Table 1

The most influential theories on the function of dreams


Emotional adaptive theories


Dream serves to discharge instinctual energies (i.e., safety valve for the psyche)


Dream preserves sleep by treating the stimuli that disturb it

Breger, Hunter and Lane2; Fiss3, Cartwright4

Dream resolves emotionally disturbing events


Dream serves a biological and adaptive function by simulating threatening events and improves the dreamer’s ability to cope with threats during the state of wake


Dream has a role in reinforcing the typical behavior of a species. Dream could be involved in the stability of the dreamer’s personality (Psychological individualism)


Dream reduces the intensity of emotional distress or calms emotional storms


Dream serves as mood regulator

Nielsen and Levin9

Levin and Nielsen10

Dream serves to facilitate fear memory extinction through the recombination and finally the expression of the associated emotions, allowing a downregulation of negative and arousing emotions


Dream serves as regulator and restorer of psychological organization and affectivity


Dream resolves a unprocessed and disturbing affective state and provides an affective reestablishment of the dreamer

Perogamvros and Schwartz13

Dream may have a role in learning and memory, as well as in emotion regulation processes (Reward Activation Model)


Adaptive/improvement-cognitive function

Crick and Mitchison14

Dream serves to reduce memory-redundant associations or parasitic thoughts during REM sleep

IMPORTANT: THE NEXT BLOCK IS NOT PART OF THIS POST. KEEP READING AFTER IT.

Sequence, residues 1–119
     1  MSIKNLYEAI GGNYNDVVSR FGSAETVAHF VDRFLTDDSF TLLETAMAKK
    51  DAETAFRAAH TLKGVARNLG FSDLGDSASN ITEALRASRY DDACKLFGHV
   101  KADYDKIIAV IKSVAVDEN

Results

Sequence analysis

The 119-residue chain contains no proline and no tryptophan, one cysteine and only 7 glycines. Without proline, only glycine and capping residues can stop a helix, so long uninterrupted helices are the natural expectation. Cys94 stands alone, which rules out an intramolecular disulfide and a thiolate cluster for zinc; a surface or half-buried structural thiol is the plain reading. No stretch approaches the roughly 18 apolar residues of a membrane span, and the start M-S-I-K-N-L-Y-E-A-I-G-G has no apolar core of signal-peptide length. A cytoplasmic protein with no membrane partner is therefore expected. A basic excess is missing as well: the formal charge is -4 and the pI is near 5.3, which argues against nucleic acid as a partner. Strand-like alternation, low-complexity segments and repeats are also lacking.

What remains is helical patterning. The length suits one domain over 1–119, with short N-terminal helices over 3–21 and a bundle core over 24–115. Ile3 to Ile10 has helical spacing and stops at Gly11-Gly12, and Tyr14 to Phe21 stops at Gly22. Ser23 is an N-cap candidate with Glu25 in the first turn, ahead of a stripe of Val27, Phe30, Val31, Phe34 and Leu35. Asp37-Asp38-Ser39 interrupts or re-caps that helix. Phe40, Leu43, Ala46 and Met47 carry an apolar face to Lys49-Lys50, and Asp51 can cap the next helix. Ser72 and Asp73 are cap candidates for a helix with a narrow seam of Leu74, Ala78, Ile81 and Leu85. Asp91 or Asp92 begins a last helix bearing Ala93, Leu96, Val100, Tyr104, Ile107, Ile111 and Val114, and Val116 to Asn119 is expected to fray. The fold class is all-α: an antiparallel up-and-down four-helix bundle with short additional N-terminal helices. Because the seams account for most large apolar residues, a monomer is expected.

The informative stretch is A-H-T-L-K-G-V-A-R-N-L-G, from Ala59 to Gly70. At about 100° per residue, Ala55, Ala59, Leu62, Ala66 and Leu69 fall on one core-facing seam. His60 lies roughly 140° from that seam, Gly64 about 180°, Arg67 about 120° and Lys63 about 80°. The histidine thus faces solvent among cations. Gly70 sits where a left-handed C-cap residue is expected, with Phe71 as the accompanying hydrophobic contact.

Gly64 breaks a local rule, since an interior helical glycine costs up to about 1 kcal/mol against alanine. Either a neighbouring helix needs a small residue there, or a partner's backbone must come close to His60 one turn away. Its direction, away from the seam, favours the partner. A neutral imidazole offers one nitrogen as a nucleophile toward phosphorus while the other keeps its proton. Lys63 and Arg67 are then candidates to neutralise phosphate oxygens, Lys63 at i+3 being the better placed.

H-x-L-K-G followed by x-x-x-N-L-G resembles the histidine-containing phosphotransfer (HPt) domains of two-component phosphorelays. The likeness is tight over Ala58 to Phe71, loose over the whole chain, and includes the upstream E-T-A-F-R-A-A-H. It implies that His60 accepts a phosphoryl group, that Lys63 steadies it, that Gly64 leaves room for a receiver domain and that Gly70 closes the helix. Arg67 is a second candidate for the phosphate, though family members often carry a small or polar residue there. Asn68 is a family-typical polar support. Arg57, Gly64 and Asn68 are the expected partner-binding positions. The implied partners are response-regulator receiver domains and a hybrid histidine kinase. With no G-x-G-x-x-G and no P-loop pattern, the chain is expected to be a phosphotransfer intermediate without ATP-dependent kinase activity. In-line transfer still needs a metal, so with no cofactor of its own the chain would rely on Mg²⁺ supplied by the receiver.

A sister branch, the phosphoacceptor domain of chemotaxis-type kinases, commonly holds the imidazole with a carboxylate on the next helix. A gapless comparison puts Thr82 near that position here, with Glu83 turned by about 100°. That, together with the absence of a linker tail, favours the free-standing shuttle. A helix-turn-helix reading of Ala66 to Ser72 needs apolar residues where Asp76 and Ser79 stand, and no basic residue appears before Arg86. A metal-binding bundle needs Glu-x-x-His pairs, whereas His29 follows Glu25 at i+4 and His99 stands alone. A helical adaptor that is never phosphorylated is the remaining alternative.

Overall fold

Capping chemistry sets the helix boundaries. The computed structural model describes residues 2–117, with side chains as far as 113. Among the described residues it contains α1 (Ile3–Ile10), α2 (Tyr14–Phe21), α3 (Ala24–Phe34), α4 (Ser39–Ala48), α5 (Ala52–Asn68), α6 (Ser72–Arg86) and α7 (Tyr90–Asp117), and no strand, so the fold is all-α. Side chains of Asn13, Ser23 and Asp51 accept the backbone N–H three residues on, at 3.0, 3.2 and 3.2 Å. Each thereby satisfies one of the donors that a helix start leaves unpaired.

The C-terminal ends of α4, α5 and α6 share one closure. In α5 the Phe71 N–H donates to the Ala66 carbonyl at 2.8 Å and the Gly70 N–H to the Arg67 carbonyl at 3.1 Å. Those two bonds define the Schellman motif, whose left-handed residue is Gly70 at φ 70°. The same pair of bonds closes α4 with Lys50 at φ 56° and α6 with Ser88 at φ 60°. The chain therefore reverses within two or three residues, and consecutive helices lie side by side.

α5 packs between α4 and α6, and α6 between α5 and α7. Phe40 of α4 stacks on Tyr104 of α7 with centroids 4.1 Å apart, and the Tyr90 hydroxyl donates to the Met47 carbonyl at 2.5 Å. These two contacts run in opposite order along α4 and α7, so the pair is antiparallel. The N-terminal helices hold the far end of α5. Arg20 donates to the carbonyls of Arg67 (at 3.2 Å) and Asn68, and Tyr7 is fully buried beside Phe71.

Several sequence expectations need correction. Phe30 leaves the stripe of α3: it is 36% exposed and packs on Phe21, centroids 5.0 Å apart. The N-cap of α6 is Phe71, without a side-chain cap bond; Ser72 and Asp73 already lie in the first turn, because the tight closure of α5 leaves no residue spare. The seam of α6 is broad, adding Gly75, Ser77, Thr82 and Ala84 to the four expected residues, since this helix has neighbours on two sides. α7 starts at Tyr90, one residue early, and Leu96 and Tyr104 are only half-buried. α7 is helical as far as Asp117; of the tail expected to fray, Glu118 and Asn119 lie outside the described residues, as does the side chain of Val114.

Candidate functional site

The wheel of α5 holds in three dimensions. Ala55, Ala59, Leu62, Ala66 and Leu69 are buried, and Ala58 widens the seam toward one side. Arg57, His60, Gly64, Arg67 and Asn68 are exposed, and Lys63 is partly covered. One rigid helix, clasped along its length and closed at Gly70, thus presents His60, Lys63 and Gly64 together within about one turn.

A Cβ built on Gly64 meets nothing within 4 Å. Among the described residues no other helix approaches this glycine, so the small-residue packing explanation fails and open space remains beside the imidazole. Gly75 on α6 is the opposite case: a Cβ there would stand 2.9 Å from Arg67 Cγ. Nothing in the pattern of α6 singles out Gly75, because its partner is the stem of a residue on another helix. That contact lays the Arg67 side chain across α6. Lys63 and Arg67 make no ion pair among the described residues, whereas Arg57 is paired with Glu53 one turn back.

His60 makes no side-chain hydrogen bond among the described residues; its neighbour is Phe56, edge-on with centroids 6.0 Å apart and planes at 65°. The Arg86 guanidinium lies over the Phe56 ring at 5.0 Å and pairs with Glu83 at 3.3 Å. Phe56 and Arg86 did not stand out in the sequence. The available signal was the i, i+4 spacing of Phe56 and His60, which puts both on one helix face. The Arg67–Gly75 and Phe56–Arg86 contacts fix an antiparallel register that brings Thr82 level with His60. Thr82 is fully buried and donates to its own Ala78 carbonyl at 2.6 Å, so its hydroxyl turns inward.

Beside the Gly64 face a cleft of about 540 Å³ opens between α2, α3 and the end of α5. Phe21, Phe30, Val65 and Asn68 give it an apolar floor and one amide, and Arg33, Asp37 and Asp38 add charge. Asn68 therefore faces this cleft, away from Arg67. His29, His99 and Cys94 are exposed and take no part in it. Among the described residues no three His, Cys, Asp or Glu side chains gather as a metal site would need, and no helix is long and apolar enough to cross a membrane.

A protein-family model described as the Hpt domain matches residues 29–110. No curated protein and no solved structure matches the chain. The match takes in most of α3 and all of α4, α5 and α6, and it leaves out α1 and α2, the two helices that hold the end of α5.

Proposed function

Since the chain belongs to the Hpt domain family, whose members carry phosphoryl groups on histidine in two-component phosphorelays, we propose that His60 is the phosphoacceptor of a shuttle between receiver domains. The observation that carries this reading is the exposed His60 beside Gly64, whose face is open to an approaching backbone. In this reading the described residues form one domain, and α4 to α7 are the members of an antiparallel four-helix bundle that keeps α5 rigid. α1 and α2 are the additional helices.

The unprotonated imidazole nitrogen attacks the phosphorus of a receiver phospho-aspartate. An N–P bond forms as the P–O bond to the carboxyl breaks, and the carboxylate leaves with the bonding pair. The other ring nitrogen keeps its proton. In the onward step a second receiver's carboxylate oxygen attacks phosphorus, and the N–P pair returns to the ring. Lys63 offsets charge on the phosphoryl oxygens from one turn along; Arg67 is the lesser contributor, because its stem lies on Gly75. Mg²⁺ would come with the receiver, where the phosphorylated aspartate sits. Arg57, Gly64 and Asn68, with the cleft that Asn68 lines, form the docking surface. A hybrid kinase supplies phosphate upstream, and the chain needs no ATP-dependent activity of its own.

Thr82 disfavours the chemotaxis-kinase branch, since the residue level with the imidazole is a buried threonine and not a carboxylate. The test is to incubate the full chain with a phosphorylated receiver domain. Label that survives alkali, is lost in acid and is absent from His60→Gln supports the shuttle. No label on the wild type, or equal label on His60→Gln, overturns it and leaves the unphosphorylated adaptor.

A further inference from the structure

Dream may contribute to the formation of new ideas. These may be selected and developed if useful, or discarded if useless or maladaptive (theory of “Oneiric Darwinism”)

Wamsley et al.16

Dreams may improved spatial memory performance


No function theories

McCarley and Hobson17; Hobson18

Dreaming is a by-product or random result of a REM physiological state; it has no motivational function. Cognitive content is ambiguous and misleading (“Activation-sytnhesis hypothesis”; AIM model)


Dreaming is instigated by random diffuse mnestic activation (i.e., not psychologically motivated). It has no special purpose nor deep meaning and nor adactive functions. However dreams are a high-level cognitive process that reveal conceptual and personal knowledge of dreamer

Hobson and Friston20

Dreams providing a virtual model of the world would be necessary for the development and maintenance of waking consciousness. Dreams are a mere subjective epiphenomena of REM sleep (i.e., sleep-dream protoconsciousness theory

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2Breger, L., Hunter, R. W., & Lane, I. (1971). The effect of stress on dreams. Psychological Issues, 7, 3.

3Fiss, H. (1980). Dream content and response to withdrawal from alcohol. Sleep Research, 9, 152.

4Cartwright, R. (2010). The twenty-four hour mind: The role of sleep and dreaming in our emotional lives. New York: Oxford University Press.

5Revonsuo, A. (2000). The interpretation of dreams: An evolutionary hypothesis of the functions of dreaming. Behavioral and Brain Sciences, 23(6), 877–901.

6Jouvet, M. (1991). Le sommeil paradoxal: est-il le gardien de l’individuation psychologique? Canadian Journal of Psychology, 45, 148–168.

7Hartmann, E. (2011). The nature and the functions of dreaming. New York: Oxford University Press.

8Kramer, M. (2007). The dream experience: A systematic exploration. New York: Routledge.

9Nielsen, T. A, & Levin, R. (2007). Nightmares: A new neurocognitive model. Sleep Medicine Reviews, 11: 295–310.

10Lewin R., & Nielsen, T. A. (2009). Nightmares, bad dreams, and emotion dysregulation. Current Directions in Psychological Science, 18(2), 84–88.

11Fosshage, J. L. (2007). The organizing functions of dreaming: Pivotal issues in understanding and working with dreams. International Forum of Pscychoanalaysis, 16, 213–221.

12Colace, C. (2013). Are wish-fulfilment dreams of children the royal road for looking a the functions of dreams? Neuropsychoanalysis, 15(2), 161–175.

13Perogamvros, L., & Schwartz, S. (2012). The roles of the reward system in sleep and dreaming. Neuroscience and Biobehavioral Reviews 36, 1934–1951.